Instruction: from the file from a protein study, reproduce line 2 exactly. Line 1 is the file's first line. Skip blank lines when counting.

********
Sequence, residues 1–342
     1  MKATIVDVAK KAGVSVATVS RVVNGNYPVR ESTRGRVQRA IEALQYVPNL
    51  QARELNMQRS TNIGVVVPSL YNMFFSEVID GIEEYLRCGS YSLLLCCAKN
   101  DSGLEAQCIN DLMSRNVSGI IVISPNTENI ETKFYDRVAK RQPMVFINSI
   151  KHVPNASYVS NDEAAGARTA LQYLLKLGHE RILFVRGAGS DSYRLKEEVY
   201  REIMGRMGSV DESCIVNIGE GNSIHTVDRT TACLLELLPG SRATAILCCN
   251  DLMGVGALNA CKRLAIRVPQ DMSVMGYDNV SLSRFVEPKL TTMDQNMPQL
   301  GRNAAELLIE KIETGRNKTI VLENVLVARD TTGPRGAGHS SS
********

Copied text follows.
     1  MKATIVDVAK KAGVSVATVS RVVNGNYPVR ESTRGRVQRA IEALQYVPNL